Voting should take place on Saturdays and Sundays, and also be open to 17-year olds, according to recommendations set out by the Oireachtas’ Joint Committee on the Constitution. Its report, published in July, is one of the factors influencing Environment Minister John Gormley as he works out how to establish an independent electoral commission. This would, in turn, carry out most of the committee’s recommendations, if they were approved by the Oireachtas.
TDs are currently elected using the single transferable vote system (STV), as laid down in Bunreacht na hÉireann.
Electoral reform is not to be taken lightly. As the report states, the functioning of an electoral system reflects the “history, values and culture of the society in which it is situated” and the committee itself is not convinced that there is a compelling case for a complete replacement of STV. Most alternatives put forward to the committee envisaged a multi-member proportional system (MMP), whereby some seats are elected in single constituencies and the remainder elected using a party list.
It must not be seen in isolation, with members also pointing to the importance of improving the Oireachtas’ role in holding government to account.
An electoral commission was suggested in the 2007 Programme for Government and the renewed version in 2009. Committee members called for its urgent establishment on a constitutional footing, to affirm its legitimacy and independence.
The committee insists on a non-partisan approach to avoid any perception that reforms are ‘for or against’ any party. A citizens’ assembly is therefore proposed, to examine STV’s performance and propose any necessary changes. The key question is whether the system “continues to meet the needs of our democracy.”
A voter education programme in schools would inform young people about their right to vote. Political parties are meanwhile encouraged to promote gender equality when selecting candidates. Party funding, potentially, could be allocated according to the number of women candidates, although this is only a speculative proposal; the Attorney-General’s advice is needed.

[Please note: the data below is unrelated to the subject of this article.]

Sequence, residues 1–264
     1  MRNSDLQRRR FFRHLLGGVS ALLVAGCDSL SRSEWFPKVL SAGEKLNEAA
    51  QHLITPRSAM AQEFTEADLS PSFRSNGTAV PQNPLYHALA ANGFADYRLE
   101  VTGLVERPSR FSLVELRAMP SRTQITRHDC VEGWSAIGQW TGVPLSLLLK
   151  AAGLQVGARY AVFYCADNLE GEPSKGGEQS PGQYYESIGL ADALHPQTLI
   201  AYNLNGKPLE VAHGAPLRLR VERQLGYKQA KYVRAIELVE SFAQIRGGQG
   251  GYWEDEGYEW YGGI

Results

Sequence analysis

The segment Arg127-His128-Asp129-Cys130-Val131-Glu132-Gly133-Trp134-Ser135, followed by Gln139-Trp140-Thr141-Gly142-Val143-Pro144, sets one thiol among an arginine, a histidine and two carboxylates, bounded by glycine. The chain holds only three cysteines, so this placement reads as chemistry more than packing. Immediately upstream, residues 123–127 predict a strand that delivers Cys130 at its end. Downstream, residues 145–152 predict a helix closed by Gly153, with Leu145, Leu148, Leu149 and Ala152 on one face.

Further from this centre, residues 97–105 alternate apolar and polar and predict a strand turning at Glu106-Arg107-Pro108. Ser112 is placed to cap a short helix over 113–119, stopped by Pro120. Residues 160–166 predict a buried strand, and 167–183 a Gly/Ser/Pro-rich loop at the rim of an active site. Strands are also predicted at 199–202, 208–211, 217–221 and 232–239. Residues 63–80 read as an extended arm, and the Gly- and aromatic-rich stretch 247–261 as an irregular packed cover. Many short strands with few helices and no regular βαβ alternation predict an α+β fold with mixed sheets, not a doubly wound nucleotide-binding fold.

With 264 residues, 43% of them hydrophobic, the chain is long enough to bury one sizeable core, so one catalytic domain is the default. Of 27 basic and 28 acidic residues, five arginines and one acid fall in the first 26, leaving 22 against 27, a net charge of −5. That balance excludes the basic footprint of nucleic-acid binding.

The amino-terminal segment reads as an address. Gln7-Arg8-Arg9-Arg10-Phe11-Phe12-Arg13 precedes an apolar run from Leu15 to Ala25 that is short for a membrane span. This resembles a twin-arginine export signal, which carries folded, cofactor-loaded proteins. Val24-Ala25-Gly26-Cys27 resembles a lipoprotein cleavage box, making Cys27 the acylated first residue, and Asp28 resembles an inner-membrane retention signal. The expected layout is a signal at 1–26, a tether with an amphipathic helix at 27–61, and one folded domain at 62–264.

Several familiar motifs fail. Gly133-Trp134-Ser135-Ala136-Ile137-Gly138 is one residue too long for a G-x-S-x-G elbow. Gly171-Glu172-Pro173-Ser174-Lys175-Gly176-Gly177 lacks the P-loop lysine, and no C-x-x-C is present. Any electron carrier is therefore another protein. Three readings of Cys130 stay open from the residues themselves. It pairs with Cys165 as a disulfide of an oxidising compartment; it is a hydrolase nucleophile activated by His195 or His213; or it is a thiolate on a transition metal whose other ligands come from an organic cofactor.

Under a new voter registration system, established and maintained by the electoral commission, voters would be allocated personal public service numbers and information would be verified for accuracy at a local level.
In a timely reference, the committee called for Dáil by-elections to be filled within six months of the vacancy. Alternatively, a candidate could nominate a list of replacements, to fill the seat on a resignation or death. This was used in the Northern Ireland Assembly until February 2009, when party leaders were allowed to nominate the successor. While cost-free, the proposal could allow an unpopular party to hold a seat despite the electorate’s opposition.
If a voter were unable to attend their polling station due to conflicting commitments, they could opt for a postal vote instead. No change in Dáil Éireann’s size is put forward but the number of TDs per constituency should be no less than four. The current threshold (three) could still be used if a four-TD formula would mean covering a “disproportionately large” area.
Addressing the Dáil in October, Gormley explained that legislating for an electoral commission would involve changing over 20 Acts of the Oireachtas, “a major task” in his words. The Minister saw the committee’s work as a “valuable input” which was “being taken into account in progressing work in this area.”
The electorate has twice decided to keep STV, when presented with first-past-the-post as an alternative. The 1968 referendum saw a 60.8 per cent vote for the status quo, while the 1959 endorsement was a more marginal 51.8 per cent.
Separately, northern voters will take part in a UK-wide referendum on 5 May 2011, with a choice between first-past-the-post and the alternative vote system (AV). The Liberal Democrats support AV but the Conservatives are opposed. Unionists back the current system while nationalists and the Alliance Party would prefer some form of proportional representation.